Chapter 7 Bankruptcy

Chapter 7 “fresh start” bankruptcy

Chapter 7 is the most frequently used type of bankruptcy, and it applies mainly to consumers – though it can be used in many situations involving businesses.  This chapter of the U.S. Bankruptcy Code allows a debtor to liquidate and start over again, thus the “fresh start” moniker.  Liquidation sounds drastic.  However, in many cases the debtor can utilize exemptions that are available under federal and / or state law to protect most, if not all, of the debtor’s assets from liquidation.  Exemptions can help a person in bankruptcy protect a house or a car.  They can generally help to protect all or most of the household goods you have.  These valuable exemptions can even help people protect valuable property that you need to work in your profession, called “tools of the trade.” The end result is that someone in Chapter 7 bankruptcy can generally keep their property, clear away their debts, and start over again.


What Chapter 7 cannot do….

While this sounds good on the surface, there are many limitations to the relief that Chapter 7 can provide.  It cannot help you save your house if you have more equity in it than what the exemption will allow.  It cannot generally save all of your vehicles, boats, motorcycles, and RVs if you have several of them.  It does not provide much help to catch up on the past-due payments on secured assets that you want to keep.  Chapter 7 also does not help you protect valuable collections or other property that does not fall under and exemption.  If a valuable family heirloom is not covered under an exemption, then you are in jeopardy of it being sold to pay your creditors.  These circumstances might all be cured by using a Chapter 13 bankruptcy instead.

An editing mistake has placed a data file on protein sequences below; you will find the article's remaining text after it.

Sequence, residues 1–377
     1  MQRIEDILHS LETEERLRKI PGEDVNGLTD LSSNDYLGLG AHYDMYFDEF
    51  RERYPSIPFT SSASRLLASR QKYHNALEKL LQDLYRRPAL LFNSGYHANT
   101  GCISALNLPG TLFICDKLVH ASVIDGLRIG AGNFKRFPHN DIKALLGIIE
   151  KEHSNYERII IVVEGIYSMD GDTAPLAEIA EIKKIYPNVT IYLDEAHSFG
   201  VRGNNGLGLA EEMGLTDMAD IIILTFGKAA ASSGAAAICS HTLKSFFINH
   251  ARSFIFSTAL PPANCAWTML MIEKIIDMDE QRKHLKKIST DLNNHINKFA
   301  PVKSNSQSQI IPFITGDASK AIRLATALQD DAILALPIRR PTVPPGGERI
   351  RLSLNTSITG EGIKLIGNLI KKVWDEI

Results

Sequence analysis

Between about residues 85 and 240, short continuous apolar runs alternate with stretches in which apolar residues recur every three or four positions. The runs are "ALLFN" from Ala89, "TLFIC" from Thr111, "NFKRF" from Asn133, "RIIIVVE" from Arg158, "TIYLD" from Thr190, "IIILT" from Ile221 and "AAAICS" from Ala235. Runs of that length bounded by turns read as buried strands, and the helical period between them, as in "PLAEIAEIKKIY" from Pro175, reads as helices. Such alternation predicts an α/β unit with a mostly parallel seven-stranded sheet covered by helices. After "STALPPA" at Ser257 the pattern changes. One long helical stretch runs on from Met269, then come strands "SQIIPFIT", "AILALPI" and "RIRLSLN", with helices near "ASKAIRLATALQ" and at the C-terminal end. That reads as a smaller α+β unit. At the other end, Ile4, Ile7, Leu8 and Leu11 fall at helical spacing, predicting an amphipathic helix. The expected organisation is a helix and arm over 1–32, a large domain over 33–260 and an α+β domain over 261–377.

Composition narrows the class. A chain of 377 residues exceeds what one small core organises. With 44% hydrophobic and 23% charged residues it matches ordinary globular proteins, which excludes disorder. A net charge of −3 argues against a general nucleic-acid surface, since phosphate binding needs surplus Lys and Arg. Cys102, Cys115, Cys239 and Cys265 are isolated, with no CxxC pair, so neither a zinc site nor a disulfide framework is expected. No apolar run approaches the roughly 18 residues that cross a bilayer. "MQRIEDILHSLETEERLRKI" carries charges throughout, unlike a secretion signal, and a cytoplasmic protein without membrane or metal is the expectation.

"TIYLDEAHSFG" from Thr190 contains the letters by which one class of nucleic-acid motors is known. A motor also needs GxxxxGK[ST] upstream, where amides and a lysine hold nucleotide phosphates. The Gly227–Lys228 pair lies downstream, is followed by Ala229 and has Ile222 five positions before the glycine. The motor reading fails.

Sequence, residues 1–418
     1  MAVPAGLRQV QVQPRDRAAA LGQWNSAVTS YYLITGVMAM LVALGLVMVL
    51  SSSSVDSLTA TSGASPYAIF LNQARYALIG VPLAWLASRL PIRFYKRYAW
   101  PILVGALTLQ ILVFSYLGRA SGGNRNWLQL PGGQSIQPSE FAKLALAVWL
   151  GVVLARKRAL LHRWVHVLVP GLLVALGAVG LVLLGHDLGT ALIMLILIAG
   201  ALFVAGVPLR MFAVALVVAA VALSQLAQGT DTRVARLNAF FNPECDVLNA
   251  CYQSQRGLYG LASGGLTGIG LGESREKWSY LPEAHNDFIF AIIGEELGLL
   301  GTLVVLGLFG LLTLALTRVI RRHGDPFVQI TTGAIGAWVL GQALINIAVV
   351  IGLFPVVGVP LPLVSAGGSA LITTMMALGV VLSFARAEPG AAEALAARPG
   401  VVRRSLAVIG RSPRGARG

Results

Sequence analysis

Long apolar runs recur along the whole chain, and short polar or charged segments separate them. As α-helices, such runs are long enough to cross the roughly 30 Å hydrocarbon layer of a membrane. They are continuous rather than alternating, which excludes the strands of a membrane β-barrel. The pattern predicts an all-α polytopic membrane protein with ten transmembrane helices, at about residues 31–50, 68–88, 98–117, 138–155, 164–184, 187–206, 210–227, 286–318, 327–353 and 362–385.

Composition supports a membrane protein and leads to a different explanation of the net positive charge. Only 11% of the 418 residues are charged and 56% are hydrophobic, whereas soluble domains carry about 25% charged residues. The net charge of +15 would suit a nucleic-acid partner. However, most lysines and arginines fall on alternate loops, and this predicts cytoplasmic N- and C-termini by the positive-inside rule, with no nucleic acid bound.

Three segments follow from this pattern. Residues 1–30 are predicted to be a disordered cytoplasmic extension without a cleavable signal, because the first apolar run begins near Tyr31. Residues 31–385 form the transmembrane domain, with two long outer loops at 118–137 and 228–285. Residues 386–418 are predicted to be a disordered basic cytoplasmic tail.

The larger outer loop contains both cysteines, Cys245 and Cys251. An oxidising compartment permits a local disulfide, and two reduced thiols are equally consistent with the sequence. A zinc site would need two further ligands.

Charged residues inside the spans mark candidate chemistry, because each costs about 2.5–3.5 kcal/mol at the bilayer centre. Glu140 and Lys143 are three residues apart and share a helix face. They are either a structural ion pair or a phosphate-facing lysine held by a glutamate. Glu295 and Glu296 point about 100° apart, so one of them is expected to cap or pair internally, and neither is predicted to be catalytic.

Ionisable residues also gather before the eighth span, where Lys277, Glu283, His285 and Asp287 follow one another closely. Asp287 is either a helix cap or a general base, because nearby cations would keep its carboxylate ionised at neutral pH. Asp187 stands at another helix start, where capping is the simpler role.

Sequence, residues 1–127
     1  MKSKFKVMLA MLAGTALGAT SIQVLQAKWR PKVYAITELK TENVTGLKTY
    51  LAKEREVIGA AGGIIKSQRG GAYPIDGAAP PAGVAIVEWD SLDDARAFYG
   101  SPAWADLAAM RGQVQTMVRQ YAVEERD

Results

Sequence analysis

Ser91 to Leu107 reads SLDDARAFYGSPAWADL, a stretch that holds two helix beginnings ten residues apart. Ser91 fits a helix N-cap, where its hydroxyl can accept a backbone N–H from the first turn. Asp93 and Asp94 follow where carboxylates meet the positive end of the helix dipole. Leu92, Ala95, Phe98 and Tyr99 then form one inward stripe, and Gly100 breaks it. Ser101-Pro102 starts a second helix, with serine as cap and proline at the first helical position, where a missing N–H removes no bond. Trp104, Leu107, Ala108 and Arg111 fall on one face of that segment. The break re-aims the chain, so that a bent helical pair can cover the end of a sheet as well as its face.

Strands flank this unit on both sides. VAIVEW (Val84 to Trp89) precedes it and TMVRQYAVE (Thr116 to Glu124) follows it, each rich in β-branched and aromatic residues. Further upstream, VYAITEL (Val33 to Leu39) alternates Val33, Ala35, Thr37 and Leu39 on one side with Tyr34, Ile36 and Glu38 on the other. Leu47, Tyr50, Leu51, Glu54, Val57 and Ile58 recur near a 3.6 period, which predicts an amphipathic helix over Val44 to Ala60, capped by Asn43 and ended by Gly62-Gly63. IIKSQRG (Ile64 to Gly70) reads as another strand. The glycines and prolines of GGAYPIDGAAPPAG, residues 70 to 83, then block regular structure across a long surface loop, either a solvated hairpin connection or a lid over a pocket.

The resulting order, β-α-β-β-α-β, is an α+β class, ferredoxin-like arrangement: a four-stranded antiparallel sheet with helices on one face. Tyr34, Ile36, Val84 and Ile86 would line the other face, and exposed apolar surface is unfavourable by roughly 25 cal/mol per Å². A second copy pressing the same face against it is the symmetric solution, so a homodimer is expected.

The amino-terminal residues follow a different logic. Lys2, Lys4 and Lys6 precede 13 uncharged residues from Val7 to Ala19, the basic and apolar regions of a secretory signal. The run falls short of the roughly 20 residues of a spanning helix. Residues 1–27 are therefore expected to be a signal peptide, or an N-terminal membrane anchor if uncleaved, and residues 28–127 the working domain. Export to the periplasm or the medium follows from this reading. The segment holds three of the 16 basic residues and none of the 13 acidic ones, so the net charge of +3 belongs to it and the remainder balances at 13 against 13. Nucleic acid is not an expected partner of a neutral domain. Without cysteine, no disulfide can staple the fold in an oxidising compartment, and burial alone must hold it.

Qualified Users of Chapter 7

If a person qualifies for Chapter 7, this is the quickest and lowest cost bankruptcy type there is.  It generally takes about 100 days to get to discharge of your debts after filing the bankruptcy petition.  The court currently imposes a cost of $335 for this type of bankruptcy.  An attorney will charge you an amount in addition to these costs if you have wisely chosen to use one.  Whatever the attorney fees are, they will be significantly less than they would be under any other chapter of bankruptcy.  Chapter 7 bankruptcy can only be used once every 8 years, so wise debtors will use this type of bankruptcy only when it is necessary and after having weighed any other available option.  A Everett bankruptcy attorney will help you with this analysis, so seek one out.